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POHUTUKAWA

The New Zealand Christmas Tree.

In stereo

Press on this skink to go to the Forests             

 

Pohutukawa in flower beside the sea, Northland, New Zealand. (Press for full size version which shows more of the bay)

The crimson flowers of the northern coastal tree, Pohutukawa, blossom from late November through January. In a good season Pohutukawa can be converted from dull green of the leaves to a bright red, making it an excellent symbol of Christmas, smothered in flowers.

The fluffy flowers mark Pohutukawa as a member of the Myrtacea family, which includes the lovely flowering gums of Australia. Unfortunately, the Australian possum enjoys eating Pohutukawa very much. Possum was introduced  to New Zealand last century and it has become a major pest, dining on the leaves of many New Zealand forest trees.

Metrosideros robusta is the Northern Rata tree, whose leaves and flowers are very similar to
 Metrosideros excelsa, the Pohutukawa. 

The photograph only shows leaves and flowers, so it could easily be confused with Rata, but the habits of these two trees are quite different.  Rata germinates in the fork of a branch, high in a forest tree. Aerial roots reach to the ground and surround the host, eventually strangling it. (Some claim Rata does not kill strong trees - only decrepit trees succumb). As the host rots, Rata becomes a forest tree itself..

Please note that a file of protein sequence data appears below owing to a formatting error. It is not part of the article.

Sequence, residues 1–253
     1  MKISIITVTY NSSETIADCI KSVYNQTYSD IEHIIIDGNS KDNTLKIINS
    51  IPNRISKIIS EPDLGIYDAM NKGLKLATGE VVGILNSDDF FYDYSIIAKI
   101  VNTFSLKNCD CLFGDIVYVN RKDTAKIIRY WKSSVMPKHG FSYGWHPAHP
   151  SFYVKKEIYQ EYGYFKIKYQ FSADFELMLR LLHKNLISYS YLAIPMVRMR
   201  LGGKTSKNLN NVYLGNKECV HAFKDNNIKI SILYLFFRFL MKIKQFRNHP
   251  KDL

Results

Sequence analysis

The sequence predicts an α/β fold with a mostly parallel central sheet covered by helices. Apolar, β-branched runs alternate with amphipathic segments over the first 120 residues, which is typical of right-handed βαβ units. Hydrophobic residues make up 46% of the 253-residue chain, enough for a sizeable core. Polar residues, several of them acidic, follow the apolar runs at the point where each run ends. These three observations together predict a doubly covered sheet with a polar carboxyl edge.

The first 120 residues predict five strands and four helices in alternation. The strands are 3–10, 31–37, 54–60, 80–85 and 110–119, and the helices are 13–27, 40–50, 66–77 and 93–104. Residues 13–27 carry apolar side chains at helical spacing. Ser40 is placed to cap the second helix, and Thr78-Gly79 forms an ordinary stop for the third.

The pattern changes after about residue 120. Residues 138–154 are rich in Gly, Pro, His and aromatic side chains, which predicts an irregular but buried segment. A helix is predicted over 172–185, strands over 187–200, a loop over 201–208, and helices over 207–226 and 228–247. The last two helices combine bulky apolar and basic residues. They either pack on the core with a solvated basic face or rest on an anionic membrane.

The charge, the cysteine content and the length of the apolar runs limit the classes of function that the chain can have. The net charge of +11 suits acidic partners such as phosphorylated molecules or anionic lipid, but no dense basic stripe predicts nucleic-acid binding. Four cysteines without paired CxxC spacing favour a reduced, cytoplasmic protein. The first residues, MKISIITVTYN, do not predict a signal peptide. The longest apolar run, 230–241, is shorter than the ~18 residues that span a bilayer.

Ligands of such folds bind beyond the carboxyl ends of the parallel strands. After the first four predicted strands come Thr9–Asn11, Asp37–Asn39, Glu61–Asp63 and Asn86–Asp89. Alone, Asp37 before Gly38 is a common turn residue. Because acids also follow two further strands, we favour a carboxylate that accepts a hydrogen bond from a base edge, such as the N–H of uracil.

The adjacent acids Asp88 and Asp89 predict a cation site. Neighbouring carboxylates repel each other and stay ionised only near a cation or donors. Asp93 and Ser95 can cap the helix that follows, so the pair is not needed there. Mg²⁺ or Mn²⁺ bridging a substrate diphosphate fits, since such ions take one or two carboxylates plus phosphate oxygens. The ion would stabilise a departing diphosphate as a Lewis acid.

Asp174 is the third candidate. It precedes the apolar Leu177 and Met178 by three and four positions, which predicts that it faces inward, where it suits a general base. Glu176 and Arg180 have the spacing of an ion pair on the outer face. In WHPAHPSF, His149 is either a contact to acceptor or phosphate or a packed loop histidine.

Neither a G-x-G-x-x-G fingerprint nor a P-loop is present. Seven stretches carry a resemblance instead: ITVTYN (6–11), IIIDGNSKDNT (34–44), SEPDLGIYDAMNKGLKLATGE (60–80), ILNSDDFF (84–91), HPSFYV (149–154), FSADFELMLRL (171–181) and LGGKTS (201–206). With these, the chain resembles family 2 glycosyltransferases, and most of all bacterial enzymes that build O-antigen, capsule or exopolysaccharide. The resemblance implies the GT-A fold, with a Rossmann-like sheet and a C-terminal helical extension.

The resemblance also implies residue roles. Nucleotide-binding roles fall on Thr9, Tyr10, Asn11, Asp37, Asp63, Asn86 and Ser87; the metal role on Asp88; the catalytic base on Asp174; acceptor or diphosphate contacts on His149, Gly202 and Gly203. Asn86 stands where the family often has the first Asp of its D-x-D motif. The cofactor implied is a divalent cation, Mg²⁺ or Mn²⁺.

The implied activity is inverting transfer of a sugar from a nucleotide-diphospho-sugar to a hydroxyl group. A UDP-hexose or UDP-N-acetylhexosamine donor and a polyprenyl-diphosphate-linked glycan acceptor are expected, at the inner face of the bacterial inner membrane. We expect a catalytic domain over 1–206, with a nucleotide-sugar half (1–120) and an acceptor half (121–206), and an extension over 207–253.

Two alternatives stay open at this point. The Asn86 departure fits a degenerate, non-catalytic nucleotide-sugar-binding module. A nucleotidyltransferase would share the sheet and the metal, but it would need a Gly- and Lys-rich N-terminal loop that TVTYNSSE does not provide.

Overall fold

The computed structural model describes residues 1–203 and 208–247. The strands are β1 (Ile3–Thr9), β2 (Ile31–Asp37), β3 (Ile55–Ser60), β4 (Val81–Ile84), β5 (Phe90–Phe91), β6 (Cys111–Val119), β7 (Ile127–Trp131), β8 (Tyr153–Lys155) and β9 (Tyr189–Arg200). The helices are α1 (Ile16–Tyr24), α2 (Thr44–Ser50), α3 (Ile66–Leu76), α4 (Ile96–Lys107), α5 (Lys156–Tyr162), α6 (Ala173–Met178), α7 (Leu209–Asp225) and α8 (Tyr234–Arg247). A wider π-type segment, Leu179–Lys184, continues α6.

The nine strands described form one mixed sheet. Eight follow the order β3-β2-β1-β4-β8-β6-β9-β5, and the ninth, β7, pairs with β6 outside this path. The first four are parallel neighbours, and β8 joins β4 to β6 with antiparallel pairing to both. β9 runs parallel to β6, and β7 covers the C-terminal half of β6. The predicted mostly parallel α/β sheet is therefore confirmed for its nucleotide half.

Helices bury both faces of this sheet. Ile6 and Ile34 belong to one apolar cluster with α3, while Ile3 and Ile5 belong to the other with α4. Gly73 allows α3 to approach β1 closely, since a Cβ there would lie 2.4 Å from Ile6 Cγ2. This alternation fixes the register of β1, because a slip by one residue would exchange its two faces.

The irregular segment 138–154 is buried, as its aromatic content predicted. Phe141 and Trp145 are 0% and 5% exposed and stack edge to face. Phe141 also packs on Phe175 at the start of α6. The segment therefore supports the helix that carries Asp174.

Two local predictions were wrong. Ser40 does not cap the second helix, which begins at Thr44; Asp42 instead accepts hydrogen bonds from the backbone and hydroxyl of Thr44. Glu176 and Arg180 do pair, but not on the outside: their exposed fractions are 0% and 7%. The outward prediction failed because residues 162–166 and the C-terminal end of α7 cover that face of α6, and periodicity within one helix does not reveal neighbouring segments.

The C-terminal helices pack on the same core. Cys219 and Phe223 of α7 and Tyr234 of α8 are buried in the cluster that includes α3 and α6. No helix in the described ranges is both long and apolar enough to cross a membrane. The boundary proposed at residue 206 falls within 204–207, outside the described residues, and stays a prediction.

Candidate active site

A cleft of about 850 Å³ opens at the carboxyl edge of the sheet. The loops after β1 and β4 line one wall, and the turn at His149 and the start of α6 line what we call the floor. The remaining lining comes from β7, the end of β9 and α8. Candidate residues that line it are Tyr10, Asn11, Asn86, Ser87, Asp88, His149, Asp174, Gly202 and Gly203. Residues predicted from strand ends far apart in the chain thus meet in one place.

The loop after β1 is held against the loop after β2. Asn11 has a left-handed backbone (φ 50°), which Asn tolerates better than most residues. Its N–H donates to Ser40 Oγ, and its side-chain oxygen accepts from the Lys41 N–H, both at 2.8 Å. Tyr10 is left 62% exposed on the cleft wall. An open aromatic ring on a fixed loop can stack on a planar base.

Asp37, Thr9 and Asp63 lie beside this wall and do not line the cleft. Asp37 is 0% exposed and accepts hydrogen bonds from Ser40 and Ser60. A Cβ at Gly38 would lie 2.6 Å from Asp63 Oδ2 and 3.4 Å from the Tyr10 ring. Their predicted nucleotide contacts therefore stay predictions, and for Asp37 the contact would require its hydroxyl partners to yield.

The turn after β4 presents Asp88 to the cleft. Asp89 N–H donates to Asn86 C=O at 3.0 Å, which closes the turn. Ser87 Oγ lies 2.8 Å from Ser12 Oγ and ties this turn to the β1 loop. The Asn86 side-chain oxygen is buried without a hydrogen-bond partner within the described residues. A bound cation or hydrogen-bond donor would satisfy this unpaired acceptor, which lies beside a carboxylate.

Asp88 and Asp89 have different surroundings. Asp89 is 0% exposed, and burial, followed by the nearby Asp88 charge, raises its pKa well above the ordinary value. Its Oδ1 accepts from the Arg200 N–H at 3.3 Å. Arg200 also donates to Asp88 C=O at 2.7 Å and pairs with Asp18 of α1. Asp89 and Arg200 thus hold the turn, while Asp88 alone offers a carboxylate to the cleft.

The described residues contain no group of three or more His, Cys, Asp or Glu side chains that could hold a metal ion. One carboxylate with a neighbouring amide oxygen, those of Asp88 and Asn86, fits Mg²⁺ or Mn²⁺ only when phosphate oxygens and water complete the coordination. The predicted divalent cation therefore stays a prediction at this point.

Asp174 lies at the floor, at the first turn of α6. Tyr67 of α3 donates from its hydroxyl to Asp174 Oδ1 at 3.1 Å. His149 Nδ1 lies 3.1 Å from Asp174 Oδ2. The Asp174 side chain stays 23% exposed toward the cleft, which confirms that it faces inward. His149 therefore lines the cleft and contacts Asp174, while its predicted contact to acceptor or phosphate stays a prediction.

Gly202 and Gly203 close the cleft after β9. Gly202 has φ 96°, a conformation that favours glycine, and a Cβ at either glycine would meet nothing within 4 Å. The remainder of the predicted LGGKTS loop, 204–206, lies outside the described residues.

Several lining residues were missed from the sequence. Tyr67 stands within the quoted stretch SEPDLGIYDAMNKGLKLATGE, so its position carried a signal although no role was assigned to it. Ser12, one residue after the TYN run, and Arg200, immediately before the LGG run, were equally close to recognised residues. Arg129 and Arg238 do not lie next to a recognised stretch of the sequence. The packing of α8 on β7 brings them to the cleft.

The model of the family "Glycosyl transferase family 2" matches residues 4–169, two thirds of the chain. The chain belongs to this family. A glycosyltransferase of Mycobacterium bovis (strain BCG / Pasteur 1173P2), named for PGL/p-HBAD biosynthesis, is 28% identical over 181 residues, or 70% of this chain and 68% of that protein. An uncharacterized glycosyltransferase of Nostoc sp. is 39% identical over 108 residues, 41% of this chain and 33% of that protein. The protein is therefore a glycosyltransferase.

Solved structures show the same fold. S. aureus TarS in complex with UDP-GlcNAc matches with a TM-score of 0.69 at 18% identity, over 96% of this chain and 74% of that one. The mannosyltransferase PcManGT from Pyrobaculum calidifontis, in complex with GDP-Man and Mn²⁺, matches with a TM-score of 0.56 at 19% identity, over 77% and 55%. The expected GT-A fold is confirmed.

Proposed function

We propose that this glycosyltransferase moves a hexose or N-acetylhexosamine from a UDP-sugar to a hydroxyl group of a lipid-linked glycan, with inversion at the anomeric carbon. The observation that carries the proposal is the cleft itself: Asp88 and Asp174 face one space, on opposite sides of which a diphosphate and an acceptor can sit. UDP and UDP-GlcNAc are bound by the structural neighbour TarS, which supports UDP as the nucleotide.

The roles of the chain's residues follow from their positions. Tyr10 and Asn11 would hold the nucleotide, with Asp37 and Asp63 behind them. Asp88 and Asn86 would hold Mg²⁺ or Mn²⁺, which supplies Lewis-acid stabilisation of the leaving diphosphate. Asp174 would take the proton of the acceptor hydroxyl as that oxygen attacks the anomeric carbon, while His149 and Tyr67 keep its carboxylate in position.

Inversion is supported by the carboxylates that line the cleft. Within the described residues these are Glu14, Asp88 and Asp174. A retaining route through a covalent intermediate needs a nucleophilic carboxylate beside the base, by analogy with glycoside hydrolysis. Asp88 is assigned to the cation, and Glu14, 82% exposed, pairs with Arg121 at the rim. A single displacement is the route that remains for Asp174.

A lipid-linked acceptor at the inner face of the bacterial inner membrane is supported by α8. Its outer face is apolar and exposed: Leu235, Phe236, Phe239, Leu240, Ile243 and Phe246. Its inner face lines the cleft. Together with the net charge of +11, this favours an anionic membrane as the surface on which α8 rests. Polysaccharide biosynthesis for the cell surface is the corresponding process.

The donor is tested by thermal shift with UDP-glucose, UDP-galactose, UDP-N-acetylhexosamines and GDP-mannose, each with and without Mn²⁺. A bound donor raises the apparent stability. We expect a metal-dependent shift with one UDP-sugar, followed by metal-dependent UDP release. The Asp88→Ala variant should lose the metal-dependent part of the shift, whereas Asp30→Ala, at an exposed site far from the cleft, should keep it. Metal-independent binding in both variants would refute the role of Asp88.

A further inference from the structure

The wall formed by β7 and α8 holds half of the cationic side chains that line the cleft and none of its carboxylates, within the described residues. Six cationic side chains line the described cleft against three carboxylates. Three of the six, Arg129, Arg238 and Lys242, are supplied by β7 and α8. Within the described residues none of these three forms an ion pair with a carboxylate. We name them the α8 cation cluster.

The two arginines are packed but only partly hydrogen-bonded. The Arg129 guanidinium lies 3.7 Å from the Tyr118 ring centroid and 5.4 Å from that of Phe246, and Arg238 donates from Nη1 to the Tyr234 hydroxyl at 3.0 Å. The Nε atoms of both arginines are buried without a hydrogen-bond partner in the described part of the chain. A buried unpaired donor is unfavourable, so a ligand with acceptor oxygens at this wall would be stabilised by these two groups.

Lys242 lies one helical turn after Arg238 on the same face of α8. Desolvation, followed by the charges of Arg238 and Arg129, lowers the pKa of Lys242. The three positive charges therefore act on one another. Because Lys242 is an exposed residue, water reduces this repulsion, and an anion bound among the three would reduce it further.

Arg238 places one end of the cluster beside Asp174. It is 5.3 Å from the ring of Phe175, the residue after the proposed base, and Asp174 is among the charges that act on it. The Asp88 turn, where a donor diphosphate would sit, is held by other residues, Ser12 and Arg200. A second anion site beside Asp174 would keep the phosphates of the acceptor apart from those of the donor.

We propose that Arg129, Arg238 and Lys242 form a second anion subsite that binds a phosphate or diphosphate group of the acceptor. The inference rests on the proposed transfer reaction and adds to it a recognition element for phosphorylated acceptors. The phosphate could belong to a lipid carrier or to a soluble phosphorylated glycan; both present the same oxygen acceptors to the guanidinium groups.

Pohutukawa germinates conventionally in the soil, preferably beside the warm sea around northern North Island. Sea cliffs are often stabilised by the roots of Pohutukawa.

U Stereo,   

     U Stereo, 

                     

Parallel viewing    Parallel viewing

RIGHT LEFT RIGHT LEFT


Use the middle  two pictures

Cross eye viewing is better, move down    

Pohutukawa                                      Pohutukawa

 

Pohutukawa buds and flowers in stereo.

The long red things on the flower edges are stamens. 
A nectar cup shows well to the left of the picture, and birds love to drink from these.
From the center of the nectar cup comes a pistil, which persists after the stamens have fallen off.

 

Metrosideros umbellata is the Southern Rata, only occasionally found in the North Island.  

Its flowers are yet smaller and brighter while the leaves are longer. Like Pohutukawa,  it does not start life as an epiphyte.

If you cannot see in stereo, the picture will still fit nicely on an 800x600 pixel screen as "wall paper". Then as you go cross-eyed with fatigue late at night, suddenly your screen will be in 3D!

 

Go To Pohutukawa in January

Pohutukawa in 3D: red/blue-green glasses version (Anaglyph)

 How to grow Pohutukawa: http://www.projectcrimson.org.nz/grow.html

 3D contents page Stereoscopy

Stereo Picture Gallery 3D pictures

Escape from 3D:  New Zealand Images    Calendar Pictures

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